Here's an interesting perspective on this year's presidential election cycle that I think we can all relate to. It seems like we have been involved in the heated politics of the Republican primaries forever and now we are headed for the main event. I'm experiencing political fatigue already and it's only the first week of May. Most people I know are tired of all the Republican wrangling and infighting. They just want it to be over and the general election to come as quickly as possible to put everything in some final perspective to begin anew in January 2013.
From Matthew Tully
[...] We need a blowout.
But it looks like we're going to have that nail-biter instead. Gallup's tracking poll Thursday morning could hardly have been closer: Romney 46, Obama 45. A day earlier, the two were dead-even. This apparently is how things will go, giving both sides incentive to go nuclear with each news cycle -- whatever that is these days.
Can you feel the stress?
If you doubt how brutal it's going to be this year, then look at how nasty the primaries have been. Candidates are attacking one another with ads that are almost comically nasty. Supporters on one side are whispering rumors about the opposition. Records are being distorted. Voters are on edge. [...]
Now for my assessment.
I would agree with Tully's thought that we need a blowout election in order to move ahead. It would clear the air temporarily, at least, between the two parties before the partisan fighting would once again begin. Being a right wing partisan I believe we need a blowout in the presidential election in order to send a message that the business of government in Washington, D.C. will change significantly in the next four years or more. Of course I am referring to a Romney victory to seal the deal for the change so desperately needed in downsizing our bloated federal government and its unbridled and absolutely wasteful spending habits for every social program under the sun.
I see several different possibilities occurring.
Obama wins big. Heaven help us then, as there would be no holding back an avalanche of left wing socialist adventures going forward, especially if the Democrats hold the Senate and close the gap of their House minority status. Obama would rein regularly with the use of executive orders and with concurrent cover provided by the Democrats in the Senate and to a lesser degree in the House.
Obama wins in a squeaker. Still a disaster for the country, but with less opportunity for Obama to maneuver around the roiling political shoals he would encounter with a Republican House and either a Republican Senate or a very tenuous and weak Democrat Senate majority. Look to Obama to rule almost exclusively through a continuing backdoor use of executive orders for the next four years should this scenario play out.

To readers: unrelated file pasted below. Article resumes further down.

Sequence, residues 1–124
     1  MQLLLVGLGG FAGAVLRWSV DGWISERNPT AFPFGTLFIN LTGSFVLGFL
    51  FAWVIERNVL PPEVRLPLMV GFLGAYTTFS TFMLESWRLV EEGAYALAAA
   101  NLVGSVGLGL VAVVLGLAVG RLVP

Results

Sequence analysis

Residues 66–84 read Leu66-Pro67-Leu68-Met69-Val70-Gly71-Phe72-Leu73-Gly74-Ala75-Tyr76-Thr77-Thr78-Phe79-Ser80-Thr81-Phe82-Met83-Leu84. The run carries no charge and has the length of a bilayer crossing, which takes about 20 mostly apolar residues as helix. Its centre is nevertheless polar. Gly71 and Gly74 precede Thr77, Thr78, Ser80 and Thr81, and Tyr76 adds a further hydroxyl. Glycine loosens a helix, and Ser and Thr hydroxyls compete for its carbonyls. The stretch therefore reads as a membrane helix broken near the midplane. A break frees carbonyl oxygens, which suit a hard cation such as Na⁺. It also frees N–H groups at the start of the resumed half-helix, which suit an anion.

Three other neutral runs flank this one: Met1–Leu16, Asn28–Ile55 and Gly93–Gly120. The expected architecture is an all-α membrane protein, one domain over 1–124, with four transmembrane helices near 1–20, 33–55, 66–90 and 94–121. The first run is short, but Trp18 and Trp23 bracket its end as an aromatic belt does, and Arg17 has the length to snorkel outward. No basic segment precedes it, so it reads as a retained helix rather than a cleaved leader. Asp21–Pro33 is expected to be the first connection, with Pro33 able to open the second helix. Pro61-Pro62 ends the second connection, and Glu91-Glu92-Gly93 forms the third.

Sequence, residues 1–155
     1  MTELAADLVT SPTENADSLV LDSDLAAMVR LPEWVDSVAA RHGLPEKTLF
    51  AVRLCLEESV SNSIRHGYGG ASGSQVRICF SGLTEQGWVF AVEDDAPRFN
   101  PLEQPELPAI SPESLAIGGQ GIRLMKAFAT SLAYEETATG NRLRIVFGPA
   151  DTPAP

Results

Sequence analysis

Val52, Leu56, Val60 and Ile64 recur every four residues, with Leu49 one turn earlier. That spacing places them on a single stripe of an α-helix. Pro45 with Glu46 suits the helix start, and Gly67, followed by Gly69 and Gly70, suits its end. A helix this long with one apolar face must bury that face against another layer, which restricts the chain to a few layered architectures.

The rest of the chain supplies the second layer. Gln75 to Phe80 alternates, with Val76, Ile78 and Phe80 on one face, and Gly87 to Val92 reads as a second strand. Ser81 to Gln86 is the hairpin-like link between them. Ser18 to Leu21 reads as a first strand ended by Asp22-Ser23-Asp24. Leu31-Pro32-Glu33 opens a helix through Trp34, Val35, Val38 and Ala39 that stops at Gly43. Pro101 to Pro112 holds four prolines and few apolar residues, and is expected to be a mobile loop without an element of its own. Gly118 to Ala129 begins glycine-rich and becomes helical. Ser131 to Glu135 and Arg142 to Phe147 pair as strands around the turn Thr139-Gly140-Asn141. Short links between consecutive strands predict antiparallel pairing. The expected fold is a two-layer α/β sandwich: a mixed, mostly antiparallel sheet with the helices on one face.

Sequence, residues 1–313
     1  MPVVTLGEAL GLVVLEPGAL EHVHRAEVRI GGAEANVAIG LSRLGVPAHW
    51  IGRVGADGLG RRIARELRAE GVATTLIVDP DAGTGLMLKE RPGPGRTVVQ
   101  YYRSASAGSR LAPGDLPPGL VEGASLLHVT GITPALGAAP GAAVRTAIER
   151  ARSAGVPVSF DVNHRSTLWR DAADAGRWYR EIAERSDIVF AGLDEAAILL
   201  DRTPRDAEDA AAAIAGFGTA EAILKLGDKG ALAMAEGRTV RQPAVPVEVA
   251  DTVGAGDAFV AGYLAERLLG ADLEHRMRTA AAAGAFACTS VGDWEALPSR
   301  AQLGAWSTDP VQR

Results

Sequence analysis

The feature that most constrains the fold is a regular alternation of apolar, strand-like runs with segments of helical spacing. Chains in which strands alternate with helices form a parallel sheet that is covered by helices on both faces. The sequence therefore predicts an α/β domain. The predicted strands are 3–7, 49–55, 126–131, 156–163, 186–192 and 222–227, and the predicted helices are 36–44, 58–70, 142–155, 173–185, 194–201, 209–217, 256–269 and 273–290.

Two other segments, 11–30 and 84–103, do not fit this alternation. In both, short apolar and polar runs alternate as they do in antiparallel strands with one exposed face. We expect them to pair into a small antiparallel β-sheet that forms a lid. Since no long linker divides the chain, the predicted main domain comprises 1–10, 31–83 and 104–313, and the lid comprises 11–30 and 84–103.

Romney wins in a squeaker. Romney by his very nature will seek to move to a centrist position in leading government. He will reduce the size of government by attrition rather than by wholesale elimination of departments and functions. He will seek to rule by consensus. Markets would immediately improve in anticipation of changes to reduce regulations in the financial markets and the environment. This could be a short lived boost if Romney and the Republicans cannot manage to make significant changes within the first year. Romney would be much less likely to rule by executive order if he could establish a working consensus of sorts with Democrats. Romney would probably lead at the margin of most issues and only achieve those successes the Democrats would allow.
Romney wins big. Romney wins in a landslide, maintains the House and either gains a slight majority in the Senate or at the very least finds a reduced Democrat majority with fewer radically liberal senators and a Senate that he can work with. Immediately the markets react positively. Romney is able to pass significant portions of his agenda. The economy improves under Romney's agenda of streamlining the various regulatory processes, reducing taxes and spending and reforming social programs. Employment improves substantially as the business sector sees stability in government's role in regulating business and a return to basics, thus removing many of the burdens of trying to exist in a highly regimented environment with all its non productive burdens and associated costs.
Looking at these scenarios, the reader is bound to understand the many variables that exist within each scenario. Any changes in the makeup of the House and/or Senate will be critical one way or another in determining the direction of government no matter who becomes president. Congress will either work effectively with the president, oppose the president at every turn and or will work around the president at the margins of running government.